Moses Gate: Parting The Waters

23rd May 2021 – 5th May 2024 Reedbed Management

Reedbeds are a disappearing habitat in the UK, there are only 900 sites around the country and only around 50 are greater than 20 hectares. Many reedbeds have been lost to agriculture either through drainage or pollution, and climate change is now posing a threat to coastal sites as sea levels rise. But all is not lost, there has been a resurgence of interest in reedbeds in recent years as sources of biofuel, water treatment, and as an alternative source of compost.

Reed Bunting
Reed Bunting

BCV has been planting reedbeds since its early years, and for us it’s about wildlife. Reedbeds can support over 700 species from invertebrates to bittern, many of these species can be found nowhere else and are dependent on reedbeds for their survival. While urban environments don’t make ideal sites for large reedbeds small ones can still be very valuable to birds such as reed warbler and reed bunting.

23rd May – Today’s task was to continue the work started last year when we diverted a stream to re-wet an area to the north of the park, see the Hidden in the Reeds post for more info. Before we can plant any reeds we first need to create an area of open water, this we did by clearing the willow and creating a dam. The line of the dam was marked out by stakes and tree trunks, other trunks were cut into logs and driven down into the mud to create a palisade, gaps were filled in with mud. Once the dam was built we dug a channel to redirect the pooled water to another area. It was a bit of a learning experience and we were making it up as we went along but it turned out to be pretty effective. Additional dams will be needed to further manage water levels, then we can start planting. More info on creating phragmites reedbeds can be found in the download below (click the link to view or button to download), photos of today’s work can be found below that. Today’s task was funded by Bolton Council’s Climate Change Fund.

30th May – A week later we returned to the reedbed. The dam was still working, although the overall water levels has dropped a bit it was still retaining water as planned. The next step was to establish the reedbed itself. After moving some of the previous week’s brash out of the way we tried 2 techniques of reedbed creation. The first was to dig up some of the reed’s rhizomes from another area and plant them in the soft mud behind the dam. This is usually the most successful way of creating a new reedbed. The second technique was to use cuttings which we gathered from an established reedbed and push them into the mud. Although a bit early in the year for trying this it was worth a try, if the weather stays warm it has a good chance of working. More info on reedbed creation can be found in the download further down the page.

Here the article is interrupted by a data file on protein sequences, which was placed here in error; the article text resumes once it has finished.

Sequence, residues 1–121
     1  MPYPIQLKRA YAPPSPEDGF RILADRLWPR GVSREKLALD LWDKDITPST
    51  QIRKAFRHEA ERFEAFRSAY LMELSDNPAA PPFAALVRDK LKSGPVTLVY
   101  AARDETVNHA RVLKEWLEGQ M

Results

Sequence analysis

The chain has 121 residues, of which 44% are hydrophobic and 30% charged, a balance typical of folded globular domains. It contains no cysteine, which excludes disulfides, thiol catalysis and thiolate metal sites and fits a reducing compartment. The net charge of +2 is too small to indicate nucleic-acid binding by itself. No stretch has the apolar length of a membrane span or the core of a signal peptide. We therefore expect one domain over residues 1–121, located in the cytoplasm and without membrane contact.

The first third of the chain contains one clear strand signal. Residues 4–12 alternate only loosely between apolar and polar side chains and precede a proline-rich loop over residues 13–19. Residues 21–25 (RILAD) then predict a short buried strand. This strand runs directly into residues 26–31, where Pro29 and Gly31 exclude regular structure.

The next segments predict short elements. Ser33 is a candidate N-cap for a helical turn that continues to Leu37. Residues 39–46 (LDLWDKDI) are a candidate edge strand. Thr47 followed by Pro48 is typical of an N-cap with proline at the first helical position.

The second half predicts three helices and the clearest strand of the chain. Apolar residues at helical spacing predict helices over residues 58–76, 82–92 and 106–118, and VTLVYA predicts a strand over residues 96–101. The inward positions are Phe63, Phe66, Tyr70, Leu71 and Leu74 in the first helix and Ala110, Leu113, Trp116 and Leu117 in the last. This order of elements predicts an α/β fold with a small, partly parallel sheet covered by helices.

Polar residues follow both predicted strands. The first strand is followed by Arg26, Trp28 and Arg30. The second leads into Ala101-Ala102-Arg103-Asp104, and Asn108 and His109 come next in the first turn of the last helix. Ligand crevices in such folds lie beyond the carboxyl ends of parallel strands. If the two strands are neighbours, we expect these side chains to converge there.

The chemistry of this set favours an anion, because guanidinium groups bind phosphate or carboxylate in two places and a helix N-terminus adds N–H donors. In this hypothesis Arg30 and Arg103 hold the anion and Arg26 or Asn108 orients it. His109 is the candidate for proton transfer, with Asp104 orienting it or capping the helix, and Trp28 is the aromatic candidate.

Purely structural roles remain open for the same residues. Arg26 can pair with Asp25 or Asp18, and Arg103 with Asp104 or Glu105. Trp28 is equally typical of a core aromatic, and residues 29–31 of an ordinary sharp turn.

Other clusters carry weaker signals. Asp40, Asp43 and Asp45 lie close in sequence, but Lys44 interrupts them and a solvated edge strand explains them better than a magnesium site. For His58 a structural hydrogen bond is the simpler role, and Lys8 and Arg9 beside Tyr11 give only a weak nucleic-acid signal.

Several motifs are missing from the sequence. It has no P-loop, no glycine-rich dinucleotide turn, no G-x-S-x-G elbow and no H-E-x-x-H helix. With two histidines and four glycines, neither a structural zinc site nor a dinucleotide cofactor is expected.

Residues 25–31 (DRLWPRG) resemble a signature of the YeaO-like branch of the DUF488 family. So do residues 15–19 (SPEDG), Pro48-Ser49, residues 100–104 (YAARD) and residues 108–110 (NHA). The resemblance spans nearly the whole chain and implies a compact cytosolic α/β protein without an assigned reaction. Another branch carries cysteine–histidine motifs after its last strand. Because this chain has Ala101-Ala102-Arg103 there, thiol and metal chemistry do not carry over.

5th May 2024 – Moving on a couple of years and were back again, May 5th 2024. The dam continues to work but not as well as it could, even though last year we cut numerous channels to move water to other parts of the site. So this year we continued that work. We cut additional channels to re-wet the areas further away from the dam and used the mud to shore up the the dam itself and make it water tight. By the time we left it pond behind the dam was pooling up nicely. Well done to everyone; special thanks to Jayne from Banana Enterprises and Rock Halls Volunteers.

Photos below are from this task and also the initial 2021 task.

Doffcocker: Reeds and Trees

Doffcocker LNR 11th March 2024 – Reedbed Management

Doffcocker Lodge Reedbed

Redbeds have been one of the UK’s fastest declining habitats. Historically reeds were used for thatching, which because it was a widespread practice helped to maintain the health and extent of reedbeds, but as slate and other materials replaced reeds the maintenance of the beds lapsed and they began to decline. Some beds are still managed for thatch but it is only on a small scale.

In recent years reedbeds have had a renaissance for both commercial and conservation purposes. Reedbeds are excellent water filters and can be used in sewage treatment, but they only have a lifespan of 5-15 years depending on the effluent load that flows through them. For us the value in reedbeds lies in their importance to conservation.

Reedbeds support around 700 species of invertebrate plus many species of bird, amphibian, mammal and fish; bittern, water rail, reed bunting, reed warbler, water shrew, otter, to name a few. Not all of these are found in Bolton but Doffcocker does have a fine collection of warblers and has been visited by bittern.

Reed Warbler
Reed Warbler
Reed Bunting
Reed Bunting